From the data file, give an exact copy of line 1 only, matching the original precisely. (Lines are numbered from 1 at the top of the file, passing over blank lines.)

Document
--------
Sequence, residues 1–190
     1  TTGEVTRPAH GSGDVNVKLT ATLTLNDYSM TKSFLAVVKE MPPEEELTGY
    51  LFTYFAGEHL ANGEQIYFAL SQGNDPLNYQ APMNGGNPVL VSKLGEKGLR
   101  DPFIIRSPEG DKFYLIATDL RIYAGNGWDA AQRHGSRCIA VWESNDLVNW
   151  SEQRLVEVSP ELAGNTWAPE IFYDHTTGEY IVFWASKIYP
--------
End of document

Sequence, residues 1–190